The Parliamentary Jazz Awards are organised by the All Party Parliamentary Jazz Appreciation Group and sponsored by music licencing company PPL and Jazz Services. The awards allow the public to nominate their favourite jazz stars in a number of different categories, and are a fantastic way of celebrating those special individuals who make up our brilliant and diverse jazz scene.
Guy Barker and host Moira Stuart at the 2013 awards. Photo: Hayley Madden
The selection process has three stages:
First Stage - Entry Forms
Entry forms are made available online at the Jazz Services website, and anyone is welcome to nominate in each of the following categories:
- Jazz Album of the Year
- Jazz Vocalist of the Year
- Jazz Instrumentalist of the Year
- Jazz Ensemble of the Year
- Jazz Venue of the Year (inc. clubs, venues, festivals and promoters)
- Jazz Media Award (inc. broadcasters, journalists, magazines, blogs, listings and books)
- Jazz Education Award
- Jazz Newcomer Award
- Services to Jazz Award
Second Stage - nominations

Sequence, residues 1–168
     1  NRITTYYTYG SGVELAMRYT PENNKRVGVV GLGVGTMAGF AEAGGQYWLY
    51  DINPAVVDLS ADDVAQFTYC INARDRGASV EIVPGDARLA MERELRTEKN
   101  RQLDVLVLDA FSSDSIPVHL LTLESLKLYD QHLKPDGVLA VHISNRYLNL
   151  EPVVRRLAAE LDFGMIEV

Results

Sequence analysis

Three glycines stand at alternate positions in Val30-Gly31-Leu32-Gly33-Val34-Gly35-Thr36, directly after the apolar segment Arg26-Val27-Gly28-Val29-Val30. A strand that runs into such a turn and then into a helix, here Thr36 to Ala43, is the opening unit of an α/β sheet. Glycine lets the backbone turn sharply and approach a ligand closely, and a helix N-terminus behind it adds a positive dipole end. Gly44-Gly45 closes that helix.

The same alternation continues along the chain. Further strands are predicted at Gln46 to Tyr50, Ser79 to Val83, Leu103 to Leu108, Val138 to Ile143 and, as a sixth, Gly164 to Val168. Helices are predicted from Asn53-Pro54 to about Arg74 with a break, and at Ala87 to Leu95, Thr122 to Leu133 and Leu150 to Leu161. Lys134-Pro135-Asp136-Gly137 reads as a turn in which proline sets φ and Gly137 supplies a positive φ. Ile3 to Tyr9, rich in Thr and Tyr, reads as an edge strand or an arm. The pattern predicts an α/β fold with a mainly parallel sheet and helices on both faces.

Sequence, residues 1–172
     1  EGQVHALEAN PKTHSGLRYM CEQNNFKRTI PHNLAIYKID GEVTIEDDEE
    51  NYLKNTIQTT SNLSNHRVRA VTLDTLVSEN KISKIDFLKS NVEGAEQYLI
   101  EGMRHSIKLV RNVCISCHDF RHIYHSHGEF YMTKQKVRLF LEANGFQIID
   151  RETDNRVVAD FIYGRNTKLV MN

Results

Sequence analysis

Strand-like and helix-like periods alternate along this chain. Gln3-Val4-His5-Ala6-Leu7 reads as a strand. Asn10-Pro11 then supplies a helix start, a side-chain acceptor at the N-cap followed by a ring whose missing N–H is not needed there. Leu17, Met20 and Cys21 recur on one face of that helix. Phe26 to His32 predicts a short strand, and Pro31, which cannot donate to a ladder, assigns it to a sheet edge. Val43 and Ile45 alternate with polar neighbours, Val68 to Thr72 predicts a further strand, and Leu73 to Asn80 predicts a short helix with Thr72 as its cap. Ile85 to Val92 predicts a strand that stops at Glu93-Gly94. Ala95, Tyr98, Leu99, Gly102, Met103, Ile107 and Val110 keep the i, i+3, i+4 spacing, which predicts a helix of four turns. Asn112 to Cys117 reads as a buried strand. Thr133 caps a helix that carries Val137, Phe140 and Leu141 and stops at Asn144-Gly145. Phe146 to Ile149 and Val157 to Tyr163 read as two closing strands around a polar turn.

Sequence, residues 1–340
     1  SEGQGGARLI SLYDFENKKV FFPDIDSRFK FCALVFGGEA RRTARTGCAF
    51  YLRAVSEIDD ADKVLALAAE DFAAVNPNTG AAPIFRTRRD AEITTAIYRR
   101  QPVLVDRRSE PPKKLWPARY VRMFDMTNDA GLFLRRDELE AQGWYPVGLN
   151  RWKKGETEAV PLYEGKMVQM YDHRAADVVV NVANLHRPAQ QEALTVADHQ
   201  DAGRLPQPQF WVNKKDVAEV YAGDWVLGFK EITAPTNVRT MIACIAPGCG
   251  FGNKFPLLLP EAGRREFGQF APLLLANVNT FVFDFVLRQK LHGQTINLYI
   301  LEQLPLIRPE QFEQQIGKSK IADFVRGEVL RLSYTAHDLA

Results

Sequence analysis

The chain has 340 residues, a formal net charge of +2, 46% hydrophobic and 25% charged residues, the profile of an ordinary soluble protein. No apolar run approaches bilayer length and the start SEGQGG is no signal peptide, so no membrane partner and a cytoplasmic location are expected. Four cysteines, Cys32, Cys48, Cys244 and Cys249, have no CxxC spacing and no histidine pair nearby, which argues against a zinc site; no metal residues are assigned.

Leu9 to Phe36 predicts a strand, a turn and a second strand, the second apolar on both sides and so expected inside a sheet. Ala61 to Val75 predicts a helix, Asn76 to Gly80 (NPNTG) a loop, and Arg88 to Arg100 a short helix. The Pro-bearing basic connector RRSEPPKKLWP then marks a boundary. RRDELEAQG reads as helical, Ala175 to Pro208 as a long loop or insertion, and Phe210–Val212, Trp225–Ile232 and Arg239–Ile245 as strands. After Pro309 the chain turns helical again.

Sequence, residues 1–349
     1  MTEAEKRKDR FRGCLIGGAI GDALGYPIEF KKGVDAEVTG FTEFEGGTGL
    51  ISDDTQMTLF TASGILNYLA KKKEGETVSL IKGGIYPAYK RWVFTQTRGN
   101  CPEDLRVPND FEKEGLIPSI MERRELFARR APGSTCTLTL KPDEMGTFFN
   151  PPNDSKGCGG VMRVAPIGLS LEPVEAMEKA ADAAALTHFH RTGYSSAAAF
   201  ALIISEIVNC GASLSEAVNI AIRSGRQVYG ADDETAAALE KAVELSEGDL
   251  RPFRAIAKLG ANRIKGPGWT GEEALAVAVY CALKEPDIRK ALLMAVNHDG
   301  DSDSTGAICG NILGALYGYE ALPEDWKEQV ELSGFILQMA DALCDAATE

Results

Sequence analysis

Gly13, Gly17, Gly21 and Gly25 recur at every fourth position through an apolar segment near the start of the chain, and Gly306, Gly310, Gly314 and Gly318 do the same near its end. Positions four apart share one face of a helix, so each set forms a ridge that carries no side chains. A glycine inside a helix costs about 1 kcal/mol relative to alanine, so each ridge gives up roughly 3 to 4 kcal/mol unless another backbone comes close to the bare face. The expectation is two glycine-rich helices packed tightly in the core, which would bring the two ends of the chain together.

Each year a selection panel is chosen by Jazz Services of over 20 individuals, each member with their own particular area of expertise. The panel represents a broad cross-section of backgrounds united in their endeavour for their love and knowledge of jazz.
From the public entries received, the Panel selects 3-5 nominees for each category for the consideration of 100 jazz loving members of the Houses of Parliament who are members of the All Party Parliamentary Jazz Appreciation Group (APPJAG). The number of public votes received for each entry is not considered, just that they have been nominated - a nominee with just one public vote has as equal a chance of being considered in this second stage as a nominee with one hundred public votes.
Final Stage - Winners
The members of APPJAG choose the eventual winners in each category from the Nominees chosen by the jazz selection panel, co-chaired by Michael Connarty MP and Lord Colwyn.
The winners are announced at the annual Parliamentary Jazz Awards held each May at the House of Commons.